A Baltimore Sun writer thinks the O’s should sign Vlad

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The Orioles don’t have a deal with Vladimir Guerrero, as Jim Bowden reported Saturday, but they are at least looking into signing the aging slugger.

The Baltimore front office undoubtedly spent the weekend sorting out positives and negatives.  Vlad might hit well at Camden Yards, but bringing him aboard would mean moving Luke Scott to the outfield, where he hasn’t played regularly since 2008 because of issues with range.  Then there’s the other side, suggesting that it might be worth the potential power surge if Guerrero is willing to take an incentive-driven contract with a low base salary.  But the Rangers are also thought to have some interest and the Angels could be open to a reunion, so it’s possible that his asking price hasn’t completely tumbled into a desperation level.

Peter Schmuck of the Baltimore Sun was exploring the pros and cons this morning over on his blog “The Schmuck Stops Here.”

If the price is right, I think Guerrero would be a low-risk gamble with a high upside. If he can jack up one more season like last year, he could be the final piece in a potentially explosive batting order that could truly change the subject at Oriole Park this summer.

Mark Reynolds might put together a good season, J.J. Hardy might bounce back, Nick Markakis could turn his power numbers north, Adam Jones could reach stardom and Matt Wieters may figure it out.  If that all happens, the Orioles will greatly improve.  But those are big “ifs” and there are a lot of them.  Plus, there’s a ceiling for their success in the American League East anyway if things do finally go right.

The O’s have the ability to make strides and the addition of Guerrero could help fill a few more seats at one of baseball’s best ballparks.  Maybe that’s worth it.  But it seems more likely that it will be a waste of the club’s financial resources.  Pumping that money into the draft and the international market would be wiser.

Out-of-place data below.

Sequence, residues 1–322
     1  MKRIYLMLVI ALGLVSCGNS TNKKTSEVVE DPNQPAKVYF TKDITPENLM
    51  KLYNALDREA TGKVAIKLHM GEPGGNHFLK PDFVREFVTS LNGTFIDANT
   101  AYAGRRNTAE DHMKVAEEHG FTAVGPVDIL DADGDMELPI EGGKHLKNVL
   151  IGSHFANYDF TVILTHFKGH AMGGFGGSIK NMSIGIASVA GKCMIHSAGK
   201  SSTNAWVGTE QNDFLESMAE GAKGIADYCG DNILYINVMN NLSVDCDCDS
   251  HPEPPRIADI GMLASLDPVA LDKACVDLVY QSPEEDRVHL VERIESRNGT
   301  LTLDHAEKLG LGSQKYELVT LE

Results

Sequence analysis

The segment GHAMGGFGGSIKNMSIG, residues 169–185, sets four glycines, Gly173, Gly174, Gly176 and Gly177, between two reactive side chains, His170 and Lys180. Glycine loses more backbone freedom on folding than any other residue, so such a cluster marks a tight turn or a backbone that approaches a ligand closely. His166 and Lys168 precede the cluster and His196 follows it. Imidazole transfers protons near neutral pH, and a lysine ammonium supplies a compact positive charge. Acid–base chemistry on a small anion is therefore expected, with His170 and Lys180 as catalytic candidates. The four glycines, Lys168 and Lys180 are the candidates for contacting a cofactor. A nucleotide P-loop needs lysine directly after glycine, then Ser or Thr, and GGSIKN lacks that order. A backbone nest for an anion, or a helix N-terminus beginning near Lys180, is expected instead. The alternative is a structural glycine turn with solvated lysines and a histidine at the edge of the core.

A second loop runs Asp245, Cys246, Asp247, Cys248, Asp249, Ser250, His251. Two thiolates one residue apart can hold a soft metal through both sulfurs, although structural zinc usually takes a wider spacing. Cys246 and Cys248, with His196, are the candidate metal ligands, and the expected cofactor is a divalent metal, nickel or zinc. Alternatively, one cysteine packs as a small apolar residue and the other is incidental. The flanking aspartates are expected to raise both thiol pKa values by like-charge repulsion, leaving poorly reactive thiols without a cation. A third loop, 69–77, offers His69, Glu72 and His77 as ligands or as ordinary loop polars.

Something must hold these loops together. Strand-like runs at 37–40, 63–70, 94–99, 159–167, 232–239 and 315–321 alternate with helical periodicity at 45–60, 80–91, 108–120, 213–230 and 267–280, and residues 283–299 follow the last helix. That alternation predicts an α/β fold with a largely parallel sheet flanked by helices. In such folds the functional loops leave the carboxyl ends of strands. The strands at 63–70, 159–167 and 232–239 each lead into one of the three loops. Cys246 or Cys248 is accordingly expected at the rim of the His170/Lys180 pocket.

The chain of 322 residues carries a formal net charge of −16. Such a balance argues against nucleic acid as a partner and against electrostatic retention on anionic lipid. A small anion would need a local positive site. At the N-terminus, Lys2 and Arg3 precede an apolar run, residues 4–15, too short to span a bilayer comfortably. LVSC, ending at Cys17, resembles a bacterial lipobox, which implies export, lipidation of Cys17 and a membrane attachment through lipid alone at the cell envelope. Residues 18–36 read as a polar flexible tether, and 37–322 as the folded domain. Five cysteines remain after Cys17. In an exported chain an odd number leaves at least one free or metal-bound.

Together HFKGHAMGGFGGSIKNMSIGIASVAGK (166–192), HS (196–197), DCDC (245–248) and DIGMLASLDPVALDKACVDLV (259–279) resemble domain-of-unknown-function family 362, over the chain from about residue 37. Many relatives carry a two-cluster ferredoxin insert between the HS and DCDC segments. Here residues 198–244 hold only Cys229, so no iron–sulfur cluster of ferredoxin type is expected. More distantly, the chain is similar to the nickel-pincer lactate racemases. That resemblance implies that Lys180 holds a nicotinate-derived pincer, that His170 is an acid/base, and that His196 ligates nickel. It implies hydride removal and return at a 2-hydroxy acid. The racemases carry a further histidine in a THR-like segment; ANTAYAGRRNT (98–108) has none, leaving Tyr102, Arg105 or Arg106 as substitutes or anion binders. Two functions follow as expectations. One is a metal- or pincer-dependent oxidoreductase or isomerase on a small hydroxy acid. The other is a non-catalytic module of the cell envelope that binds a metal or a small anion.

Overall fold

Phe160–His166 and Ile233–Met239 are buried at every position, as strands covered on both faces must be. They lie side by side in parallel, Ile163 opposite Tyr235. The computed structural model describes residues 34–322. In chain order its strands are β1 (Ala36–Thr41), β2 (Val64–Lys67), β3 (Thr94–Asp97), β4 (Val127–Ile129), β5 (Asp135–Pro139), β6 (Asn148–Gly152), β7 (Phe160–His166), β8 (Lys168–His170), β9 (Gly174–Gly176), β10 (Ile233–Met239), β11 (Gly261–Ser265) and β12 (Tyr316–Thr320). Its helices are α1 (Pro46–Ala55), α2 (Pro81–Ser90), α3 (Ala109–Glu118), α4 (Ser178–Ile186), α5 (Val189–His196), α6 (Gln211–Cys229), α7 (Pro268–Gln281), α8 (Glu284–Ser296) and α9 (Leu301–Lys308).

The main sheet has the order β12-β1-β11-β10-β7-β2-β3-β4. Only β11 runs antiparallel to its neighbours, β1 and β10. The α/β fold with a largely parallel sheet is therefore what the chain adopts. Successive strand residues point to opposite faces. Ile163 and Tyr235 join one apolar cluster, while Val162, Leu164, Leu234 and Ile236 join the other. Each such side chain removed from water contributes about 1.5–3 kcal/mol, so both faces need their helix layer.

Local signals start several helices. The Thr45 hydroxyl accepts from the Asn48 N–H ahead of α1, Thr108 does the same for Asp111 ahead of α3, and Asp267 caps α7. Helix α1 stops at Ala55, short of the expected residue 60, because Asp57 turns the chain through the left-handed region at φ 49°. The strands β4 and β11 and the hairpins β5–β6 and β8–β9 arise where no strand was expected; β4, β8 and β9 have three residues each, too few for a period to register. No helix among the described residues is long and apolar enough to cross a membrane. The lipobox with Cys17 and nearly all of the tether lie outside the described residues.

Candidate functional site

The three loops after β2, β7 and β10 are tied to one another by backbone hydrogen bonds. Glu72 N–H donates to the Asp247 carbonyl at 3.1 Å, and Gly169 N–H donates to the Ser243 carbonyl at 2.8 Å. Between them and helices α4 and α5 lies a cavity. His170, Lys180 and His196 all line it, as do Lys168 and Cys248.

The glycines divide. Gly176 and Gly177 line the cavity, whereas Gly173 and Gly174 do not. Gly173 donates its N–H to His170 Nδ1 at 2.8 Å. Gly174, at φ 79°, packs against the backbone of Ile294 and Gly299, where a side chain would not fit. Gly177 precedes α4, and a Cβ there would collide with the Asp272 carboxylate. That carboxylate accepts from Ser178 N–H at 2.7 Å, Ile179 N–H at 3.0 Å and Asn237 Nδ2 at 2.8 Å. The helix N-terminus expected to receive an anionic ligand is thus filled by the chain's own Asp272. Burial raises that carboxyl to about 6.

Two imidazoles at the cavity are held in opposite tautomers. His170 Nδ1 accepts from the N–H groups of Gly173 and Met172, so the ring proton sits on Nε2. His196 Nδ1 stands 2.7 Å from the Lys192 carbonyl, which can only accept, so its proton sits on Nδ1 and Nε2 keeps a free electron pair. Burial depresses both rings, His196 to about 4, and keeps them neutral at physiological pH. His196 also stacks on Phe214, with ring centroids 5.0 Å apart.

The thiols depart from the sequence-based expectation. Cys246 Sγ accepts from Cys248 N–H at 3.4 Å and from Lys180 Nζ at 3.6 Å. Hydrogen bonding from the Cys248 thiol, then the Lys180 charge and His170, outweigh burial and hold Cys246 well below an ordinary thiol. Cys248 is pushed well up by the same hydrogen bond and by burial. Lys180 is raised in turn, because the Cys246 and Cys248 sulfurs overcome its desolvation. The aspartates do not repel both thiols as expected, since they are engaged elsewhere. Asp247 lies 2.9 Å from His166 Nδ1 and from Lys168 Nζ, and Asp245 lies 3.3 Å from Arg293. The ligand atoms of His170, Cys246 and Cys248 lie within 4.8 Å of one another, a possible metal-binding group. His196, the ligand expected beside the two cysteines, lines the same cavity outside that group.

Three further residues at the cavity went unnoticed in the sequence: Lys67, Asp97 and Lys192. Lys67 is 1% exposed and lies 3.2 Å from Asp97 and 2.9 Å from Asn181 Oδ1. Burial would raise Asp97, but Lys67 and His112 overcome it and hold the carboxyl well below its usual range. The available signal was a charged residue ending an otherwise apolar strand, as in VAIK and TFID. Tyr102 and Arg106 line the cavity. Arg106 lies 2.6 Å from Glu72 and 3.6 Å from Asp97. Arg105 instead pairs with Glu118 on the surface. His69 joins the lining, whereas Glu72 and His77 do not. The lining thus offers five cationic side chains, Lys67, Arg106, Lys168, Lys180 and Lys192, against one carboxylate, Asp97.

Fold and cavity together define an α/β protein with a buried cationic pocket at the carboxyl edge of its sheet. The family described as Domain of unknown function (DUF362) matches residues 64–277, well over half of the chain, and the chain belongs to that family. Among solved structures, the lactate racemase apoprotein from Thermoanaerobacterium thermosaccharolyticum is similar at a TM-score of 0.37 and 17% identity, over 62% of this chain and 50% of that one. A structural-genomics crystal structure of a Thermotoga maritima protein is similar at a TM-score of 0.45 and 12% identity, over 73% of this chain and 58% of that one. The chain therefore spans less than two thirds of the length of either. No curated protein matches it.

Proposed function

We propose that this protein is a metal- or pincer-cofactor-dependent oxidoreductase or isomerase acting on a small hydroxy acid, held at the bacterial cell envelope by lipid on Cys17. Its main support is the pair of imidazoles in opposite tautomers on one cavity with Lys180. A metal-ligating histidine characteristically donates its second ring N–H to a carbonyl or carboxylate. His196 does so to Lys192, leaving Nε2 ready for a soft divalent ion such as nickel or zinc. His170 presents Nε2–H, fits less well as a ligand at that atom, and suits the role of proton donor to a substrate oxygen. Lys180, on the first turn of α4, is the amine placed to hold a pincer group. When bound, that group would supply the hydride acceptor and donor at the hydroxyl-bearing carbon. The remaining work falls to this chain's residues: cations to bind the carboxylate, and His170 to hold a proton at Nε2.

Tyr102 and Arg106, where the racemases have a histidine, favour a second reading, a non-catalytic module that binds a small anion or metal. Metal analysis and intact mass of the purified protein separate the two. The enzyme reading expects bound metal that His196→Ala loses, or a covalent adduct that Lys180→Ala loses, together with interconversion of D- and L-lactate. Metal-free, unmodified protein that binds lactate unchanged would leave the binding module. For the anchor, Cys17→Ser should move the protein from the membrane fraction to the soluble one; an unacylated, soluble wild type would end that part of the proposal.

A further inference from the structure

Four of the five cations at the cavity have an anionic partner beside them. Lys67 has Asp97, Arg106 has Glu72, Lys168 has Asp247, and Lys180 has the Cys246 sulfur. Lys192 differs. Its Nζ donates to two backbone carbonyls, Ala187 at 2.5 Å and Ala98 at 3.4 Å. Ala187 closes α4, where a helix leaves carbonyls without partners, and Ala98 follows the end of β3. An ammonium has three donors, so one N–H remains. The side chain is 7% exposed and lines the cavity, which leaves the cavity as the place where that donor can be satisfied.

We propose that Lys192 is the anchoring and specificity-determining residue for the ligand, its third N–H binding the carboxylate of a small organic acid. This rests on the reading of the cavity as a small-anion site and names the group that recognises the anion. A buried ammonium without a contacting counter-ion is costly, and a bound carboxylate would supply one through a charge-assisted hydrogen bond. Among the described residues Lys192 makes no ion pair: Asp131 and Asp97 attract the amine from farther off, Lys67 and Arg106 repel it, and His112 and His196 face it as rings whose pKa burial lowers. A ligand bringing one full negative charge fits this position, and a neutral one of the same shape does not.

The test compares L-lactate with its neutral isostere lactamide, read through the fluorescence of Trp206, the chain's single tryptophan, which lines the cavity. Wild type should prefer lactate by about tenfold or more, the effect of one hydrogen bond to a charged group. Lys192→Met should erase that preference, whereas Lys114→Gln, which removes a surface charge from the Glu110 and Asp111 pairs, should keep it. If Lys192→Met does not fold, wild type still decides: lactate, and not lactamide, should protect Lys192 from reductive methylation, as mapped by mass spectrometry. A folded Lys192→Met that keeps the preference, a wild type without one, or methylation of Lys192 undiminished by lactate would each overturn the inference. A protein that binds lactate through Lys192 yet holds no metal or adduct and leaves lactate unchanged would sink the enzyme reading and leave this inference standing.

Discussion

Rockies sign 30-year lease to stay in Coors Field

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Nick Groke of the Denver Post reports that the Rockies agreed to a $200 million, 30-year lease with the Metropolitan Baseball Stadium District, which is the state division that owns Coors Field. As part of the deal, the Rockies will lease and develop a plot of land south of the stadium, which will cost the team $125 million for 99 years.

As Groke points out, had the Rockies not reached a deal by Thursday, March 30, the lease would have rolled over for five more years.

Rockies owner Dick Monfort issued a statement, saying, “We are proud that Coors Field will continue to be a vital part of a vibrant city, drawing fans from near and far and making our Colorado residents proud.”

The Rockies moved into Coors Field in 1995. It is the National League’s third oldest stadium. In that span of time, the Rockies have made the playoffs three times, the last coming in 2009 when they lost in the NLDS to the Phillies. The Rockies were swept in the 2007 World Series by the Red Sox.

Ichiro wants to play until he’s 50

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Marlins outfielder Ichiro Suzuki is entering his 25th season as a professional baseball player and his 17th in the major leagues. The 43-year-old is potentially under contract through the 2018 season if the Marlins choose to pick up his club option.

Few players are able to continue their careers into their mid-40’s. No surprise, Suzuki is the oldest position player in baseball. Only Braves pitcher Bartolo Colon, is older, and only by 51 days. Suzuki, however, wants to play until he’s 50 years old, Clark Spencer of the Miami Herald reports.

“I’m not joking when I say it,” Suzuki said. He continued, “Nobody knows what the future holds. But the way I feel, how I’m thinking, I feel like nothing can stop me from doing it. When you retire from baseball, you have until the day you die to rest.”

When asked about what will happen when Suzuki finally does decide to retire, Suzuki responded, “I think I’ll just die.”

Last season, Suzuki showed he still has plenty left in the tank. He hit .291/.354/.376 with 21 extra-base hits, 48 runs scored, and 10 stolen bases in 365 plate appearances. If the Marlins’ outfielders stay healthy, Suzuki won’t be starting many games in 2017. He started in right field frequently during the second half last year, filling in for the injured Giancarlo Stanton.